The Minneapolis School consists of 99 different schools: 23 K-5 elementary schools, 22 K-8 elementary schools, 7 middle schools (grades 6-8), 7 senior high schools (grades 9-12), 8 special education schools, 8 alternative schools, 19 contract alternative schools, and 5 charter schools. The entire budget for the 2006-2007 school year was $587,371,902, with the majority - $376,924,691 going to the general operating fund.
With the mission: To ensure that all students learn. We support their growth into knowledgeable, skilled and confident citizens capable of succeeding in their work, personal and family lives into the 21st Century, the Minneapolis Schools use the following strategic plan:
Reconnect with families and the community to support student learning
Refocus our attention on student learning and academic achievement
Recreate a viable school system that is responsive to the needs of students, families, staff, and the community
Of particular interest are the more than 90 languages spoken in the homes of the students of Minneapolis Schools. They range from Afgan, Afrikaans, and Croatian, to Yiddish, Swahili, and Sign Language. Most of the Minneapolis Schools communications are printed in English, Hmong, Spanish and Somali.
Educators, legislators, and parents alike are ever mindful of school funding. The $13.8 billion education bill recently passed by the state legislature boosts spending on special education by about $330 million, the largest-ever increase. A school district with large numbers of special education students, like the Minneapolis Schools, is one of the biggest winners under the bill.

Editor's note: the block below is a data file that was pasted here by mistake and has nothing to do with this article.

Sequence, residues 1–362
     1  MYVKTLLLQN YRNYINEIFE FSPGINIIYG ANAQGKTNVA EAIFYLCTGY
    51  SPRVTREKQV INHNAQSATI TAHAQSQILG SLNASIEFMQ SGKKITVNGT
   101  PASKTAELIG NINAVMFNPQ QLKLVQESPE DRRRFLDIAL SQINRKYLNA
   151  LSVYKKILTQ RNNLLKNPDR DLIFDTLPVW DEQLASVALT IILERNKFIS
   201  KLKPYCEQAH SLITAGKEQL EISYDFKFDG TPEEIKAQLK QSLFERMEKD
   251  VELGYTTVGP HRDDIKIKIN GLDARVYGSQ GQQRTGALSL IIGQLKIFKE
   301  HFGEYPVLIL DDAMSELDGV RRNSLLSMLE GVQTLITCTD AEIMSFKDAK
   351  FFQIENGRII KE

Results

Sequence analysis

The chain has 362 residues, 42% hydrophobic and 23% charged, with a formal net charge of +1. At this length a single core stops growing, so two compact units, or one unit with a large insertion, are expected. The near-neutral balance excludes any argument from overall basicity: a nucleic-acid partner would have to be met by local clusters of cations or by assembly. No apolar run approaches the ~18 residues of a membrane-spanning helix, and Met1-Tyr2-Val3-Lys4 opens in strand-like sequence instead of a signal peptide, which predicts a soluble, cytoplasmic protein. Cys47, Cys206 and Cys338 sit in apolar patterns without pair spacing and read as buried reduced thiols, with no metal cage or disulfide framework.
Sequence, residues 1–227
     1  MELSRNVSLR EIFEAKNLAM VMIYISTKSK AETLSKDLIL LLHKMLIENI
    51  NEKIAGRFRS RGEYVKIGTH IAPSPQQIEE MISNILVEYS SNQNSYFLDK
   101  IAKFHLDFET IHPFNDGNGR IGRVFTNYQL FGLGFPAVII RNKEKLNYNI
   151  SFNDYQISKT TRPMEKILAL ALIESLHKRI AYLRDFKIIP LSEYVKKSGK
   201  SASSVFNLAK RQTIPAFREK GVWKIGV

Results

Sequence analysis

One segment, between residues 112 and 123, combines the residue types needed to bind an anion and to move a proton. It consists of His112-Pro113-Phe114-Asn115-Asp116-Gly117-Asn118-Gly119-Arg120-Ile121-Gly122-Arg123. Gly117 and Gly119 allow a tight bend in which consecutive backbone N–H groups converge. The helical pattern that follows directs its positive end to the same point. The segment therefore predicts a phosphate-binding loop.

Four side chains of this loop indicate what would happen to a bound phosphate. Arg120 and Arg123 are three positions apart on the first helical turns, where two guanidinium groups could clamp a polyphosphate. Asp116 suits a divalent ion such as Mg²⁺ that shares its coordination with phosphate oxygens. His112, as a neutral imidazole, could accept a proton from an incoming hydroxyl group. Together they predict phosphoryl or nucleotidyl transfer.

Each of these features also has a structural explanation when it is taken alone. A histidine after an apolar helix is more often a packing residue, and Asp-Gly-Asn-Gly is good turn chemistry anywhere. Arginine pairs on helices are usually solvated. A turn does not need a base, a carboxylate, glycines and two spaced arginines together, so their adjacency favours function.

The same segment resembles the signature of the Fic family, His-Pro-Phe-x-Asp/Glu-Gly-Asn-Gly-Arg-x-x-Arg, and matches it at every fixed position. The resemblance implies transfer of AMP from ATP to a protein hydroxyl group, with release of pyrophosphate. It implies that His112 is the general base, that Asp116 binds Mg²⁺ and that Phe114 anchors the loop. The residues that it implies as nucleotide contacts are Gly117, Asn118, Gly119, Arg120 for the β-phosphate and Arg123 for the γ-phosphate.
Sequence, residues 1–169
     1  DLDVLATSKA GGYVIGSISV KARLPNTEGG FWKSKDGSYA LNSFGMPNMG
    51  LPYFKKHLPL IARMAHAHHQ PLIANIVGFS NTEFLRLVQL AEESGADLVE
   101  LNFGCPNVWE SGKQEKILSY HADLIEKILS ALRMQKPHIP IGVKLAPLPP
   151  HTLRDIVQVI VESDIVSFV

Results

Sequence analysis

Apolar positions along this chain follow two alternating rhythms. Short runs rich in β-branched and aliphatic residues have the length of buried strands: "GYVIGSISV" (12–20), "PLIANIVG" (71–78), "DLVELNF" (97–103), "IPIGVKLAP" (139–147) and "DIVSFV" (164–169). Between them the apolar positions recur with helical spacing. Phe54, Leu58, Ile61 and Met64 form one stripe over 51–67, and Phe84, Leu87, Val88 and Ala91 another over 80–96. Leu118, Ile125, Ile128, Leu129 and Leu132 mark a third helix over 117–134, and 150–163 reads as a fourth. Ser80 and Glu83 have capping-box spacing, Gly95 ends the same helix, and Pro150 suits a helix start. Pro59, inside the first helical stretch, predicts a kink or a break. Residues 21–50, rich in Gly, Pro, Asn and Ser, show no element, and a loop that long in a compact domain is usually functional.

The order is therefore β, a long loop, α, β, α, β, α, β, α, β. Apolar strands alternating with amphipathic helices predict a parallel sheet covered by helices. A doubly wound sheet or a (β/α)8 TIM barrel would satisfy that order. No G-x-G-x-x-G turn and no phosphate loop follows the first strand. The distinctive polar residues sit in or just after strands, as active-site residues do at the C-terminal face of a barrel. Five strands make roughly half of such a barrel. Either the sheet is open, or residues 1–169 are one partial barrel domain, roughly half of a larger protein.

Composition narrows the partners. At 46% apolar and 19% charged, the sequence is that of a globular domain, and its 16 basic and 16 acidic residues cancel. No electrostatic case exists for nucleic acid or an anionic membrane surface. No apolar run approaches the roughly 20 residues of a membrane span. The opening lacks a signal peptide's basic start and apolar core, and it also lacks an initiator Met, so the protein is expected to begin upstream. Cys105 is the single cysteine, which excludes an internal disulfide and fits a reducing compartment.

The legislature has typically put most new education spending into the per-pupil formula. That's the basic amount that Minneapolis Schools get for each student. But this year, the biggest chunk of new education spending goes to schools to educate students with physical and mental disabilities. The Minneapolis Schools, where one in six students qualify for special education services, would get more money than nearly every other district in the state.
Federal law requires the district to provide special education services, yet the state and federal governments don't pay the full cost of those programs. So the Minneapolis Schools have previously used money from other parts of their budget to cover those costs.
The special education money in the education bill will give Minneapolis Schools an additional $382 next year for every student, not just those in special education programs. Additional spending means additional programs can be maintained or implemented; like when the Minneapolis Schools added Spanish immersion hoping to attract students and curb declining enrollment. According to figures kept by the state Department of Education, the Minneapolis Schools' enrollment increased by 3 percent from 9,974 to 10,302 between 2005 and 2006 -- right after the district began offering immersion.